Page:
Child abuse is a serious accusation and a serious crime. However, in this day and age, child abuse accusations are sadly made more often than they should be, sometimes as weapons in a nasty divorce or custody case. If you haven’t yet learn how to file for divorce. Whatever the reason, if Child Protective Services (CPS) shows up at your door, there are things you must do, and there are actions you must absolutely avoid.
DO: Take it seriously. CPS is required to investigate all allegations made when abuse is alleged to have been committed by someone who is “responsible for a child’s care, custody or welfare.” They are duty bound to ensure that no abuse is taking place, and if there is, to act accordingly. Laughing off the allegations creates a problematic impression on CPS investigators, as you will be seen to not respect their authority.
DO: Know your rights. It is not uncommon that some CPS workers stretch the truth when informing you of your rights while conducting an interview. You are entitled to a hearing if facing accusations of abuse. You are entitled to an attorney appointed for you (if you cannot afford one) if the Department of Family & Protective Services (DFPS) initiates any action to attempt to remove your children from the home. You are entitled to refuse entry to your home if CPS workers have no warrant or court order. There are many other rights that remain yours, even if you fall under suspicion.
DON’T: Lose your composure. While it is understandable that you might do so at being accused of a heinous crime, it is also understandable that guilty people might vehemently protest their innocence. CPS workers have seen so many of both that it can be difficult in the extreme for them to tell the difference.
DO: Cover your bases. If your child will be asked to submit to a medical exam, ensure that your own doctor performs one as well. The standard used by DFPS investigators is a “preponderance of the evidence” – that is, if they can show by a preponderance of the evidence that abuse occurred, you will likely be found guilty – and as such, the more evidence you can provide, from sources you know are trustworthy, the better off you will likely be.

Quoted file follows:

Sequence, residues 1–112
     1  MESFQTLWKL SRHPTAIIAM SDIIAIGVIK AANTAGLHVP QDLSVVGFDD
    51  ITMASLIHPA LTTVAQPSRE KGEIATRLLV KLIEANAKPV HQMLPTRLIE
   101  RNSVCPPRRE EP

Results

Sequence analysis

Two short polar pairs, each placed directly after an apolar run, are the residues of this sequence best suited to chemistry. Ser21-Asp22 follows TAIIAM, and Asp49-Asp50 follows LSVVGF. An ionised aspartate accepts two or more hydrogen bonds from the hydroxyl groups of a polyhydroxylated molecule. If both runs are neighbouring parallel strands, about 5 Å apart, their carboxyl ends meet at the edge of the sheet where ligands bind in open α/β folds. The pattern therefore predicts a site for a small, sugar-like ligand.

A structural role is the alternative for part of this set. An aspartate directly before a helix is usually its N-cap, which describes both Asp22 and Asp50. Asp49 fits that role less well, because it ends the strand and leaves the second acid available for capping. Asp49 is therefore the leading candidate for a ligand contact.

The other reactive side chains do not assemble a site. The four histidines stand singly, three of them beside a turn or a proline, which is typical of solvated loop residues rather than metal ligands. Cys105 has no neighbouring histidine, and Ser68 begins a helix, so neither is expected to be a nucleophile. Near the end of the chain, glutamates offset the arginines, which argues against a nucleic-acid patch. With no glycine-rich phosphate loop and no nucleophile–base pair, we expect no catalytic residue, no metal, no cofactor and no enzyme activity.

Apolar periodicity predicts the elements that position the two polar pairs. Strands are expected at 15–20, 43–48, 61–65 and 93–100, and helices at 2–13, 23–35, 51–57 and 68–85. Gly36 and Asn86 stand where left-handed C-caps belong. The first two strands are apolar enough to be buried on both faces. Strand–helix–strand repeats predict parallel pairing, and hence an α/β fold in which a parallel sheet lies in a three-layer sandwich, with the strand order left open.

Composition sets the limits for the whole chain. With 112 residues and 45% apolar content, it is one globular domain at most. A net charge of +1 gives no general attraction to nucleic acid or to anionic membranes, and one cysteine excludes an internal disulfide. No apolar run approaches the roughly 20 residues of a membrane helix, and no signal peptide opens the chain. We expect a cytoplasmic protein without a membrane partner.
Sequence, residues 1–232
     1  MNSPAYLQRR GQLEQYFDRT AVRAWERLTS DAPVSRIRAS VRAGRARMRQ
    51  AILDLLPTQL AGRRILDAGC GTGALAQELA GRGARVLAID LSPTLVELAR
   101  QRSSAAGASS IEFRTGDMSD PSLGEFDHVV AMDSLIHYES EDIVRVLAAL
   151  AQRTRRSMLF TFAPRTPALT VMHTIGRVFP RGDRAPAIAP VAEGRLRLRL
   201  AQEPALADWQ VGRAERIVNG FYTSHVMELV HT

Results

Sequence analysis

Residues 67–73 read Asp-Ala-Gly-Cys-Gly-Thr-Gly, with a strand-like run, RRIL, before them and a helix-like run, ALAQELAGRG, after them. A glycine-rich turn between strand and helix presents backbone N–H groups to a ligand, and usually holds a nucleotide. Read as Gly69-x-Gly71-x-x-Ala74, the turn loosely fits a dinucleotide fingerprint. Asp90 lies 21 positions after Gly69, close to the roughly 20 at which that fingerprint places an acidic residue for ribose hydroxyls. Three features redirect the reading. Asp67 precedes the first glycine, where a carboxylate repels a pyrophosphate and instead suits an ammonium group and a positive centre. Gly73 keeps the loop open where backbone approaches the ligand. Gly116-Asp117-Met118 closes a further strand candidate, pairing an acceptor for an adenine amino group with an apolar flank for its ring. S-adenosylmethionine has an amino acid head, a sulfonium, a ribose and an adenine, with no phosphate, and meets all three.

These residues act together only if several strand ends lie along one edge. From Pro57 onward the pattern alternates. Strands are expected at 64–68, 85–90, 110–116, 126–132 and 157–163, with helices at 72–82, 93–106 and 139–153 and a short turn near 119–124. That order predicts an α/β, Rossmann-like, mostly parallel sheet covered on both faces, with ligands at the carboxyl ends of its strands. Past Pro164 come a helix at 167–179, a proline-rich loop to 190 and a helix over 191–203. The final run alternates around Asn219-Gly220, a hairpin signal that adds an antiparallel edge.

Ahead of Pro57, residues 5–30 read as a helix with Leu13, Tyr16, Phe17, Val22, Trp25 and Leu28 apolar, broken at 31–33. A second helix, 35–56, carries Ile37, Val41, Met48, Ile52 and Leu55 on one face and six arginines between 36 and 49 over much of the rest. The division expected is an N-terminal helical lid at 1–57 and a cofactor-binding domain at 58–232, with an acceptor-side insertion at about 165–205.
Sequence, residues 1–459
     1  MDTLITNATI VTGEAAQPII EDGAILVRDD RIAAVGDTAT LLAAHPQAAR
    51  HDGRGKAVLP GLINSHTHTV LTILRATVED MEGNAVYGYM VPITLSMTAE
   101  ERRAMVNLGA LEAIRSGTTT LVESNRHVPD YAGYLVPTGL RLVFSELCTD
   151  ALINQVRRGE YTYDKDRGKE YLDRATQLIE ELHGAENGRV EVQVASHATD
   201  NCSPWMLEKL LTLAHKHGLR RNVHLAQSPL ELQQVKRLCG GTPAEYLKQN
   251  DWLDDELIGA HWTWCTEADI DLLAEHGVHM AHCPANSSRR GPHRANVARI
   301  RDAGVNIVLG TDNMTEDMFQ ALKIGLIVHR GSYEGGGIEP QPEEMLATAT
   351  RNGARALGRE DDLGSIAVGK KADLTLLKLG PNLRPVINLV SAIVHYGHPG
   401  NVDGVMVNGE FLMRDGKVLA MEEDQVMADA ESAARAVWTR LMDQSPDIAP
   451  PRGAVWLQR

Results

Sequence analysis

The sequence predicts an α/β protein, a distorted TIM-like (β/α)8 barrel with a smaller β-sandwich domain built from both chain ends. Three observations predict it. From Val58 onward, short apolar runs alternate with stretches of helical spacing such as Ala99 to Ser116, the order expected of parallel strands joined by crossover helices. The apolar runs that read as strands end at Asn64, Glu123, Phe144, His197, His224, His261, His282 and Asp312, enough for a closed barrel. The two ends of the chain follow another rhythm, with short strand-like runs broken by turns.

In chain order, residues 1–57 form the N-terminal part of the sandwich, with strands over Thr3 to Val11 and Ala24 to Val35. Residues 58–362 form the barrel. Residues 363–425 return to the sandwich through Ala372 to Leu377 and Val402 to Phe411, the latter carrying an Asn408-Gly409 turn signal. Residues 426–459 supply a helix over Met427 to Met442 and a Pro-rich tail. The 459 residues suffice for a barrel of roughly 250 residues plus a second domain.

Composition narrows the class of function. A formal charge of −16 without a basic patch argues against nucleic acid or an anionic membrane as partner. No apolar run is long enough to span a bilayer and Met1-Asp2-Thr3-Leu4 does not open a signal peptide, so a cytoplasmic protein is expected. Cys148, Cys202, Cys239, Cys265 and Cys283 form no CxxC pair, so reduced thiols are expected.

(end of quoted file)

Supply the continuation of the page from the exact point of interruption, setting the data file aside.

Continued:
DON’T: Take any kind of deal or admit guilt if you are not guilty. You may think that taking a plea deal, so to speak, would be to your advantage, as it is to some criminals’ advantage in that it tends to get them a shorter sentence. That is simply not how CPS operates; if you admit to any kind of behavior that could be considered child abuse, you will be treated from then on as a criminal and your children will likely be lost to you.
DO: Consult An Experienced Attorney
If you are being accused of child abuse, neglect or molestation of a child, the best things you can do for yourself is to engage a competent attorney with experience in dealing with CPS. The Collin County CPS attorneys at Rosenthal & Wadas are a full service legal defense team and can assist you with all legal matters related to a CPS investigation. Contact us at 972-369-0577 today to discuss your options with one of our attorneys.